Belmont Stakes and Shadwell Travers winner Summer Bird wrote his way into the history books Saturday afternoon at Belmont Park, outdueling a game Quality Road through the stretch to win the 91st running of the Grade 1, $750,000 Jockey Club Gold Cup. With the victory, Summer Bird became the first 3-year-old since 1989 to have won all three races in a single year.
The handsome chestnut colt is just the 10th sophomore and first since Easy Goer to string together victories in the Belmont, Travers and Jockey Club Gold Cup. The other 3-year-olds who have won the trio of prestigious races in New York are Man o’War (1920), Twenty Grand (1931), One Count (1951), Gallant Man (1957), Sword Dancer (1959), Damascus (1967), Arts and Letters (1969) and Temperence Hill (1980). All but One Count and Temperence Hill are Hall of Famers.
“I think it puts him in an elite group,” said 34-year-old Tim Ice, who trains the son of 2004 Belmont Stakes and Travers winner Birdstone for Drs. Kalarikkal and Vilasini Jayaraman. “I think he should be champion 3-year-old colt.”
Ridden with confidence by Hall of Famer Kent Desormeaux, Summer Bird raced well off the rail, not far behind longshot Tizway’s fractions of 24.96 and 49.73 over the sloppy track. Moving up eagerly when Quality Road took over with a half-mile to go, Summer Bird ranged up alongside the other 3-year-old at the top of the stretch, grabbed the lead for good with a furlong to go and edged clear to win by a length.
His time for the 1¼ miles over a sloppy track was 2:02.51.
“By far [his best effort],” said Desormeaux, who was aboard for the Belmont and Travers as well. “He was awesome today.”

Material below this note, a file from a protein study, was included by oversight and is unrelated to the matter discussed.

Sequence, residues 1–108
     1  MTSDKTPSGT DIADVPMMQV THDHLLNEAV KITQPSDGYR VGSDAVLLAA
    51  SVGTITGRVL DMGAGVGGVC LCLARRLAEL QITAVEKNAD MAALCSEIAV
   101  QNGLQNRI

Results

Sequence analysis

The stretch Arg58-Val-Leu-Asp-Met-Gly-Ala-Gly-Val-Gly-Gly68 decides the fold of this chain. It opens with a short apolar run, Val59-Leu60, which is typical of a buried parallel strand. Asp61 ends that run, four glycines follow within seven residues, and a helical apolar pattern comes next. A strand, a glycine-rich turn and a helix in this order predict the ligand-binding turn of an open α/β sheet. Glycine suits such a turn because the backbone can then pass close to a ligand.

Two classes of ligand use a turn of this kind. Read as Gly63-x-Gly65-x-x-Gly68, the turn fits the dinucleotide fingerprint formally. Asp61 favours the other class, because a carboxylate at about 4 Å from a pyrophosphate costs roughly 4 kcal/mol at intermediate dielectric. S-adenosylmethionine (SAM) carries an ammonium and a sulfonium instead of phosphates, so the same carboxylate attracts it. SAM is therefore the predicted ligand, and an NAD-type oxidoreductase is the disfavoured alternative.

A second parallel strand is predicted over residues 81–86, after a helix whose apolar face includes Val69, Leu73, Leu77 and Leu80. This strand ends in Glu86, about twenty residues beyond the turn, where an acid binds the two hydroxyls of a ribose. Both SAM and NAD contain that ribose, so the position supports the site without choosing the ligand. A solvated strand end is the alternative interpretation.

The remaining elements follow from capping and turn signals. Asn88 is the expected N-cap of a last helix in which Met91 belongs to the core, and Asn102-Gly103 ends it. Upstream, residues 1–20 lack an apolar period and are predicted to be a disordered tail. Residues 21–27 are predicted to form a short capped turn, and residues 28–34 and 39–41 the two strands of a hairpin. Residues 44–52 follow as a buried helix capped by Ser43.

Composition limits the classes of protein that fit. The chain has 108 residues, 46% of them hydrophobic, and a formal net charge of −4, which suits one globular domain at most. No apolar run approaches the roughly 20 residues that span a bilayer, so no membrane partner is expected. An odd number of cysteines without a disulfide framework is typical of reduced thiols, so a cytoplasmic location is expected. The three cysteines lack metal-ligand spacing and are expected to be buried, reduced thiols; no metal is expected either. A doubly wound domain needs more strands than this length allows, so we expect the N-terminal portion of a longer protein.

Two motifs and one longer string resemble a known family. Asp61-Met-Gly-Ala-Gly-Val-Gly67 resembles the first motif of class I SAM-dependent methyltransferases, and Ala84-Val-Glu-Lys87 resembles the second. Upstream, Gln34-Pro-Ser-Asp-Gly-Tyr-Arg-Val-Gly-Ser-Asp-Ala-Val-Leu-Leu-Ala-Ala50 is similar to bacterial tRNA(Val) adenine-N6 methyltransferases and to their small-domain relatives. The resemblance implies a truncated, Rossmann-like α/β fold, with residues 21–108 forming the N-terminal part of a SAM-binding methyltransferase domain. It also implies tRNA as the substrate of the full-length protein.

Added Ice: “When he took the lead I was very confident no one was going to get in front of him.”
Sent off as the 1.25-1 favorite by the crowd of 7,000, Summer Bird returned $4.50 for a $2 win bet as he extended his record to 4-1-1 from eight starts, which includes a second-place finish to Rachel Alexandra in the Grade 1 Haskell on August 2. The winner’s purse of $450,000 increased his earnings to $2,023,040 for a career that began with a fourth-place finish in a maiden race at Oaklawn Park on March 1.
“He’s come a long way,” said Ice, who brought Summer Bird to the Kentucky Derby – in which he was sixth – off a third-place finish in the Arkansas Derby. “He came into this race better than he has in any other race. Each week, I kept wishing the race was this week.”
Quality Road, who had finished third behind Summer Bird in the Travers and was the second choice to the favorite, was 4½ lengths ahead of Tizway, who in turn was followed by Macho Again, Dry Martini, Sette E Mezzo and Asiatic Boy.
“I think he’s better on a fast track,” said Todd Pletcher, who trains Quality Road for Edward P. Evans. “Summer Bird relishes this kind of surface. That's the way it goes. Sometimes, you get lucky [and] it rains when you need it to. Sometimes, it doesn't.”
The next goal for Summer Bird, whom his connections say will race again as a 4-year-old next year, is the Grade 1, $5 million Breeders’ Cup Classic at Santa Anita Park on November 7.
“We’ll take a couple of days and see how he is,” said Ice.